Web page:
Can you identify a time when you were energized at work? In other words, you gave more effort than you would’ve expected to, doing something that you wouldn’t have thought was particularly exciting — because someone infused the task with energy and spurred your enthusiasm.
Why did you feel that way?
Chances are it was less about the work and more about the people you collaborated with. Perhaps the client visit became inspiring because your counterpart was so passionate and engaged. Or your boss gave you a boost of motivation because they showed genuine excitement about your ideas, interests and aspirations for the project.
People who create this experience for others at work frequently are called energizers. They thrive on collaboration and personal connections with teammates.
Energizers win by creating what I call “pull.” If you have this quality, you’re better at attracting and retaining great people; you get more creativity out of the individuals around you; top talent wants to work with you; and you get better support for your ideas and projects.
Energizers tend to do nine things more systematically than others. Reflect on the statements below and ask yourself what areas you can improve on:
- I strike an effective balance between tapping people in my network to get work done and connecting with them on a personal level, unrelated to our work.
- I maintain a balance between what I ask for and what I contribute to the people I work with.
- I consistently do what I say I’m going to do and follow through on commitments I make.
- I am committed (and show this commitment) to principles and goals that are larger than my own self-interest.
- In meetings and conversations, I engage others in realistic possibilities that capture their imaginations and hearts.
- I’m fully attentive in my interactions, and show interest in others and their ideas.
- I create room for others to be a meaningful part of conversations and make sure they see how their efforts will contribute to a plan.
- When I disagree with someone’s plan or a course of action, I do so in a way that focuses attention on the issue at hand, and not the individual.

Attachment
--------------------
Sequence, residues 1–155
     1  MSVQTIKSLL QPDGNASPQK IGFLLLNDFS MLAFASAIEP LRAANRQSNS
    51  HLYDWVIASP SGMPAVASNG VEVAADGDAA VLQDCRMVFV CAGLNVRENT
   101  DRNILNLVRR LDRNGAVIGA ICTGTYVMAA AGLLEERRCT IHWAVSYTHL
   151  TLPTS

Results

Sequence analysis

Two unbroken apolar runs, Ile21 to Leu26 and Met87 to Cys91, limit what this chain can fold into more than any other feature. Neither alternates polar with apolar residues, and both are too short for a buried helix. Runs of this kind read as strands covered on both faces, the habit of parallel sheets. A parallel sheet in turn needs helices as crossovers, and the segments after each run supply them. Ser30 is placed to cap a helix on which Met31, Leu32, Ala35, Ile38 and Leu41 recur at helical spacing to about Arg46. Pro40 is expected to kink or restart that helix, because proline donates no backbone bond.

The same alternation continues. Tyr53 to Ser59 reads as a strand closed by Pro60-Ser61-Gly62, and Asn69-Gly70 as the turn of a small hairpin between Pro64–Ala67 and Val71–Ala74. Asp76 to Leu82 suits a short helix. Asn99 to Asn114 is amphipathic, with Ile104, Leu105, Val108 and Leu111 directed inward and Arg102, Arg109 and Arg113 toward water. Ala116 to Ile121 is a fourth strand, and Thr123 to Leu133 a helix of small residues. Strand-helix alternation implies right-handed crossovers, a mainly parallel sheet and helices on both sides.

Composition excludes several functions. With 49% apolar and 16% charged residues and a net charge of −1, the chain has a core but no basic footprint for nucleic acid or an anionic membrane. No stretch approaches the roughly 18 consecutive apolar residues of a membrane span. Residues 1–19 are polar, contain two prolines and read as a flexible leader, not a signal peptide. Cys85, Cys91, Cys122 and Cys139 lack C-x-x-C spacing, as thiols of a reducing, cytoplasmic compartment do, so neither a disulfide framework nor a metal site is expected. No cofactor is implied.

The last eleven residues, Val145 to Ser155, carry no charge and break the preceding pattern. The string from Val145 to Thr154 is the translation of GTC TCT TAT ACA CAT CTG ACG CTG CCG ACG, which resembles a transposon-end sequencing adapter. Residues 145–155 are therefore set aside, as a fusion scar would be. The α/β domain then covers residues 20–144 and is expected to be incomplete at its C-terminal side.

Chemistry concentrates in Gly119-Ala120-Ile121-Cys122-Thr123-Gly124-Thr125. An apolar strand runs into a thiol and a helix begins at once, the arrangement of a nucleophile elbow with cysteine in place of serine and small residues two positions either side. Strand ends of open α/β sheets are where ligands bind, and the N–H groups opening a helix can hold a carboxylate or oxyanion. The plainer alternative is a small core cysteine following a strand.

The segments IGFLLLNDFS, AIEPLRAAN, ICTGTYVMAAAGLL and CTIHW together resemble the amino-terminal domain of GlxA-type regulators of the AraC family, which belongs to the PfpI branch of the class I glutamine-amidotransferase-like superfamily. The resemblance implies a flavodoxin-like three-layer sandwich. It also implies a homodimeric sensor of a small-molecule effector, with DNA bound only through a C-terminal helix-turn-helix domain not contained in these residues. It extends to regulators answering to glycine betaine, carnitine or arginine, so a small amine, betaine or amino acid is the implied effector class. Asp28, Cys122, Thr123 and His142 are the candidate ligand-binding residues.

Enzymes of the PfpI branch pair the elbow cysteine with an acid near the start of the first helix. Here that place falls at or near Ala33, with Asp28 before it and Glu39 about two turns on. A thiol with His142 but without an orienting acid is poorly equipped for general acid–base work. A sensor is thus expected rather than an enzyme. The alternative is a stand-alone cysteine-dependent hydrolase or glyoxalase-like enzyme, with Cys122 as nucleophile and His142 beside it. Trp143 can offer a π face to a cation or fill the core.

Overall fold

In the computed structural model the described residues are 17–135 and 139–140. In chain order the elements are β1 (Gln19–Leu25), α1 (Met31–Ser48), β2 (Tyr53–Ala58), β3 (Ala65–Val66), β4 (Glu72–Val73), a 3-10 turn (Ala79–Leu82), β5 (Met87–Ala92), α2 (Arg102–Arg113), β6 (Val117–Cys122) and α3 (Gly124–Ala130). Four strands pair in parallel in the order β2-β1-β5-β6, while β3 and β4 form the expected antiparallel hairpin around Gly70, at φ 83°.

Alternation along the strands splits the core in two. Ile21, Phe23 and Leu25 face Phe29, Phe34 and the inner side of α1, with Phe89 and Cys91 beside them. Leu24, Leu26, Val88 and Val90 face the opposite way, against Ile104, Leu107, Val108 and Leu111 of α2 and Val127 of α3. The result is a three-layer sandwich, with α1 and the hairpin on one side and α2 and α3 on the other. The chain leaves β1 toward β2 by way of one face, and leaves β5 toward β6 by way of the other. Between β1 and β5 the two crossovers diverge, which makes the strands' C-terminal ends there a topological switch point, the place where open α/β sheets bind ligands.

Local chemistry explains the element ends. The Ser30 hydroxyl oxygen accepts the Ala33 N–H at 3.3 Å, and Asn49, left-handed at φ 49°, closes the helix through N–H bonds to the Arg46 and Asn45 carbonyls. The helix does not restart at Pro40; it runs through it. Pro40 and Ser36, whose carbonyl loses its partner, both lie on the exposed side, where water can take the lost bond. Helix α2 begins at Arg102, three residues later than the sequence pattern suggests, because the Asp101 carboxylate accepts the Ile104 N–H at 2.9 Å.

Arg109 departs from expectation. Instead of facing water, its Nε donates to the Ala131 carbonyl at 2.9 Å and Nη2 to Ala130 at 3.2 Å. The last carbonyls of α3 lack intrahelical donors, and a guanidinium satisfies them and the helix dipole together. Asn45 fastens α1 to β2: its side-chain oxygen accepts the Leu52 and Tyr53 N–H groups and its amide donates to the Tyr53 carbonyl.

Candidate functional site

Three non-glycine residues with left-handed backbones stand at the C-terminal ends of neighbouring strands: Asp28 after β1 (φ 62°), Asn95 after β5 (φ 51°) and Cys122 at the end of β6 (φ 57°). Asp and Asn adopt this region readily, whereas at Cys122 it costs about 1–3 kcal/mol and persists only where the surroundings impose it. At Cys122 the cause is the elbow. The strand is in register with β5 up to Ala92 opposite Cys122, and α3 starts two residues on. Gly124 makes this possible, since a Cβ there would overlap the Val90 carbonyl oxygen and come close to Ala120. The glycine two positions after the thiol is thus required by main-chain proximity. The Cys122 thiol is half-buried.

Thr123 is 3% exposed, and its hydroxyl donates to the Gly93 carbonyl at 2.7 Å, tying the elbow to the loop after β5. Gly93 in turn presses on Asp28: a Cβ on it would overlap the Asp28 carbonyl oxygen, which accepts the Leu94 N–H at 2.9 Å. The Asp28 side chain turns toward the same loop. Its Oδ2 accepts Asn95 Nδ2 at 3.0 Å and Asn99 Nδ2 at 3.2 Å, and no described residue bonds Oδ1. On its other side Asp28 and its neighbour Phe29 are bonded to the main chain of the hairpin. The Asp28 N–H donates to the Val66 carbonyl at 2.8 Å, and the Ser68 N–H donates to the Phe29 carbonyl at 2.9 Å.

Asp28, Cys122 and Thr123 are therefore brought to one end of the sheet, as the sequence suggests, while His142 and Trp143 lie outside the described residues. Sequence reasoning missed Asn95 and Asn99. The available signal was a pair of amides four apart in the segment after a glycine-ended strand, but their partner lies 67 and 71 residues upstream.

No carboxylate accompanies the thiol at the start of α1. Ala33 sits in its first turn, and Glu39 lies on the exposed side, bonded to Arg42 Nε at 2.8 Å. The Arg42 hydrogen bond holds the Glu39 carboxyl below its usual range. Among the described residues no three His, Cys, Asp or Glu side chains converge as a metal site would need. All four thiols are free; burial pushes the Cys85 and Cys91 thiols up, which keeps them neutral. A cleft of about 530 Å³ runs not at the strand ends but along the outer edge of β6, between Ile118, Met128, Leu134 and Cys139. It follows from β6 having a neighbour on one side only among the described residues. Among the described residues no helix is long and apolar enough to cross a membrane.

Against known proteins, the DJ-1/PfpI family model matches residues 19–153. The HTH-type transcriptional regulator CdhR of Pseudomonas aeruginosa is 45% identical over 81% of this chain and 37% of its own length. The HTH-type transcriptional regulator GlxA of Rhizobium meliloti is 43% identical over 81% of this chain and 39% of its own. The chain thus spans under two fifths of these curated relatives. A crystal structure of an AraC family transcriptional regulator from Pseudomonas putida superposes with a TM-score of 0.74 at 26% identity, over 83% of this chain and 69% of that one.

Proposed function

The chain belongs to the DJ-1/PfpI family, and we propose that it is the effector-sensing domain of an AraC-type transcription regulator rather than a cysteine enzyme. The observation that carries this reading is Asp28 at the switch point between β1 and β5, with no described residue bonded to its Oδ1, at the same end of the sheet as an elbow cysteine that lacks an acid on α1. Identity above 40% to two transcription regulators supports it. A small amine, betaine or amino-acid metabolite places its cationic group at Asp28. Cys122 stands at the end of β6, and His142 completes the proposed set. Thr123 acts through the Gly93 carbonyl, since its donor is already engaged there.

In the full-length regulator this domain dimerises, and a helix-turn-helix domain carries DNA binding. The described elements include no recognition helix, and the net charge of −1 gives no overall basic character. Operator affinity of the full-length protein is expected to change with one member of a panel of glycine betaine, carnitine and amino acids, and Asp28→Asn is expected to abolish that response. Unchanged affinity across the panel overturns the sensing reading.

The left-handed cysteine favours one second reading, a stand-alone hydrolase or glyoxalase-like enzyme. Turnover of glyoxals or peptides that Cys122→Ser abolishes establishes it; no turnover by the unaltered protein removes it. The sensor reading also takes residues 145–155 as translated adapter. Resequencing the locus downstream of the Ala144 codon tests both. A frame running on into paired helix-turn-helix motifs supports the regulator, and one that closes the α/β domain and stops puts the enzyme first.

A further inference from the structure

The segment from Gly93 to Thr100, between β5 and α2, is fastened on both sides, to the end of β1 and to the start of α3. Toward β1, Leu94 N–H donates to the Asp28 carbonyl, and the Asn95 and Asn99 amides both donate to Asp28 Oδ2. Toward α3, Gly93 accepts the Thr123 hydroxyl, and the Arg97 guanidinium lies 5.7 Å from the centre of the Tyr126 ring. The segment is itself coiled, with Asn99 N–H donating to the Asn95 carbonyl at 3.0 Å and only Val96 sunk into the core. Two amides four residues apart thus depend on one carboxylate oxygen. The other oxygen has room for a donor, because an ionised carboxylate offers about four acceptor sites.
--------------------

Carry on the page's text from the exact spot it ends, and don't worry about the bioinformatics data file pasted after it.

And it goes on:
- I maintain a balance between pushing towards a goal and welcoming new ideas that improve the process for reaching a goal.
The key isn’t to look at the list of behaviors and ask, “Do I do these, or not?” Rather, it’s to indicate the ones that, if you did more systematically when under stress or pressure, could have the greatest impact.
Compared to non-energizers, energizers are three to four times more likely to get promoted faster and receive top performance reviews, and three times as likely to successfully manage their career transitions.
People usually assume that in order to be an energizer, you have to be outgoing or charismatic. But that’s wrong: Neither extroversion nor charisma create energizers.
Organizations are often surprised to learn who their energizers are. When a colleague of mine did an analysis for the Broad Institute of MIT and Harvard, the results were unexpected.
Many of the scientists who turned out to be energizers were low-profile, understated or introverts. They weren’t research stars, but they were connectors — essential employees who, should they decide to go somewhere else, their company would start to feel enthusiasm and mission-focused collaboration fade.
Sadly, in the organizations I’ve studied, de-energizers can have twice the negative impact that energizers have on a positive front.
De-energizers see obstacles or constraints at all turns, and they articulate flaws in plans before you can fully explain the ideas. Rather than limiting themselves to criticizing ideas, they place blame on others and disagree personally.
The good news is that we all have the ability to be energizers. However, too much collaboration can undermine our capacity and motivation to get there. In fact, some people may have even started out as energizers (and they might still have the best intentions), but collaboration overload turned them into de-energizers.
When organizations or teams focus too much on collaboration, individuals can become focused on what they need to get done. They don’t take time to acknowledge others’ past efforts. They fixate on the “what” and miss the importance of discussing the “why” (which is essential to ensuring that the work has purpose and meaning).
The behaviors underlying trust, purpose and energy are not difficult to implement, but they do require you to be intentional.
Rob Cross is a professor of leadership at Babson College, founder of Connected Commons, and author of “Beyond Collaboration Overload: How to Work Smarter, Get Ahead, and Restore Your Well-Being.” For 20 years, he has studied the underlying networks of effective organizations and the collaborative practices of high performers. Follow him on Twitter @RobCrossNetwork.